The defense expert (eye surgeon and retina specialist) testified that the injury was more likely a hemorrhage due to either a preexisting problem with his choroidal tissue or that he began bleeding after the application of the Honan balloon. The expert testified that he did not see any evidence that the patient’s globe was perforated and according to the healthcare record, neither did the patient’s eye surgeon. He also stated that if the globe was punctured, the pressure inside the eye after the application of the Honan balloon would have been near zero prior to him going back to the operating room.
The defense expert and the patient’s eye surgeon testified that the CRNA’s needle placement and the depth of the injections were within the standard of care for a peribulbar block. Both also testified that they would have expected the retina specialist to locate a puncture site if one was present. Although the CRNA’s name did not appear on the informed consent form, the block procedure was thoroughly explained and documented prior to the injections.
There was an attempt to settle the claim at mediation, but the plaintiffs (patient and his wife) refused to consent to settle the case for anything less than $500,000. Therefore, the matter proceeded to trial.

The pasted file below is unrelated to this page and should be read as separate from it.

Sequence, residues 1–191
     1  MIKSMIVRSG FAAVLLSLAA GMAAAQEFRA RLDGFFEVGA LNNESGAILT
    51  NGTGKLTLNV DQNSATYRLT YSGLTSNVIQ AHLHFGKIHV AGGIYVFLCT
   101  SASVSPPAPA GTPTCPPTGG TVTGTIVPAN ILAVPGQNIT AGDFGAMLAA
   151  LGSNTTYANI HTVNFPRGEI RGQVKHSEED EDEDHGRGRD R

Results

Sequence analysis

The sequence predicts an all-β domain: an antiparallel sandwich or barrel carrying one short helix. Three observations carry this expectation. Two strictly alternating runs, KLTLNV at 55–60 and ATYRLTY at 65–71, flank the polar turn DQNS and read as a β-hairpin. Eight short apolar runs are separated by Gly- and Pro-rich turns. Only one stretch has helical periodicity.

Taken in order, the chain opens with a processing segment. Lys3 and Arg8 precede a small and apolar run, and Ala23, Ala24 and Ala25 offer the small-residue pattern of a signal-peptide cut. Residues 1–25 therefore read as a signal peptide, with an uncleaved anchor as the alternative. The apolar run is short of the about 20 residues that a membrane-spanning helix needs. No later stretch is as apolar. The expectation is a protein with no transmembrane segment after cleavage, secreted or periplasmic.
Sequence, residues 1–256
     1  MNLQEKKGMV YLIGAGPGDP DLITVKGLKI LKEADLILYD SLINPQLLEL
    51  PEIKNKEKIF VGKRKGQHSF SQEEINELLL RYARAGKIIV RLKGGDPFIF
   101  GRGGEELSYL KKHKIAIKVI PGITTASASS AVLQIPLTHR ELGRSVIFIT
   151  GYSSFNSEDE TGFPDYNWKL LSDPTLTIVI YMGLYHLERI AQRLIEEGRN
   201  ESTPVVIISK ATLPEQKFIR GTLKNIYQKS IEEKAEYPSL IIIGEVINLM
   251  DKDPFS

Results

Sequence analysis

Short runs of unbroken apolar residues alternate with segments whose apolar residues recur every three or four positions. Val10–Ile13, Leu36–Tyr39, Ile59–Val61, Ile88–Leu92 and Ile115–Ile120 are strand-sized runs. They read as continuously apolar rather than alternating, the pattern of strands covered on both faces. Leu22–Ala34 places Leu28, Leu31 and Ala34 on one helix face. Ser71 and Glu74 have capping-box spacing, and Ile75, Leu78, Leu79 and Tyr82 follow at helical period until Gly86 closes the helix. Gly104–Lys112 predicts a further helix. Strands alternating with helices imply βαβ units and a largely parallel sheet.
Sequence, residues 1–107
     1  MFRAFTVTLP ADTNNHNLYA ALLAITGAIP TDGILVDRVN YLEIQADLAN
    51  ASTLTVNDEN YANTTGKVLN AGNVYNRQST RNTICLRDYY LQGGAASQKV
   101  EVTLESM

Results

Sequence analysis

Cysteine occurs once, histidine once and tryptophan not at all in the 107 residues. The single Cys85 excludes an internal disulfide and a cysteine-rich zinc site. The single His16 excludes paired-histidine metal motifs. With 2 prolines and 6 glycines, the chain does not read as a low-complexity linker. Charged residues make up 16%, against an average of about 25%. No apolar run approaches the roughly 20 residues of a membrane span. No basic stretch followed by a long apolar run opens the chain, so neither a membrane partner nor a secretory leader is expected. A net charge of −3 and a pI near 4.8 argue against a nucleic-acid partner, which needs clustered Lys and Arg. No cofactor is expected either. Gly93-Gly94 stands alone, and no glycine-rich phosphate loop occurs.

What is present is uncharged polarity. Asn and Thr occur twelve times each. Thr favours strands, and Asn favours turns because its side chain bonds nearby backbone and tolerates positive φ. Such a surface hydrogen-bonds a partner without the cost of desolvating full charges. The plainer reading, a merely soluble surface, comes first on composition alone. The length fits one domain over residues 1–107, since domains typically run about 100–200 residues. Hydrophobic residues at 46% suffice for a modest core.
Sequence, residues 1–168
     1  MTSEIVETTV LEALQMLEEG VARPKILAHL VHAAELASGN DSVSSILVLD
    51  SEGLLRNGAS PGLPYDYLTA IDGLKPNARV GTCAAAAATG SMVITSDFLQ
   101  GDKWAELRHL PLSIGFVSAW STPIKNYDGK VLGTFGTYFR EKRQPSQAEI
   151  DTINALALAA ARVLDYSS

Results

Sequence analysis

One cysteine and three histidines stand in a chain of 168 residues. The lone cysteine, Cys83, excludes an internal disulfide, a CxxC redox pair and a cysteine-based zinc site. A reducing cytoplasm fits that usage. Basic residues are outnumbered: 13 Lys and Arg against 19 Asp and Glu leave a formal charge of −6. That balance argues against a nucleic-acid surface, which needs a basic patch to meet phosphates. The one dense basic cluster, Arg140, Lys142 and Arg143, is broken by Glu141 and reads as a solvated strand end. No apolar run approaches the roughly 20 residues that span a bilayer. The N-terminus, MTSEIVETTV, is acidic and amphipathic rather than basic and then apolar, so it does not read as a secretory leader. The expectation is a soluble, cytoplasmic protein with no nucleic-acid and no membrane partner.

The jury trial lasted five days, and in the end, a defense verdict was awarded to our insured. The claim lasted more than three years and at a cost of over $270,000 to defend.
Risk Management Recommendations
The above examples are not intended to establish any standards of care, to serve as legal advice appropriate for any particular factual situations, or to provide an acknowledgement that any given factual situation is covered under any CNA insurance policy. Please remember that only the relevant insurance policy can provide the actual terms, coverages, amounts, conditions and exclusions for an insured. All CNA products and services may not be available in all states and may be subject to change without notice. "CNA" is a service mark registered by CNA Financial Corporation with the United States Patent and Trademark Office. Certain CNA Financial Corporation subsidiaries use the "CNA" service mark in connection with insurance underwriting and claims activities. Copyright © 2018 CNA. All rights reserved.
- Maintain competencies (including experience, training, and skills) consistent with the needs of assigned patients and/or patient care units.
- Obtain and document informed consent for the planned anesthetic intervention from the patient or legal guardian, or verify that informed consent has been obtained and documented by a qualified professional.
- Document pertinent anesthesia-related information on the patient healthcare record in an accurate, complete, legible, and timely manner.
- Communicate in a timely and accurate manner both initial and ongoing findings regarding the patient’s status and response to treatment.
- Provide and document the practitioner notification of a change in condition/symptoms/patient concerns and document the practitioner’s response and/or orders.
- Report any patient incident, injury or adverse outcome and subsequent treatment/response to risk management or the legal department.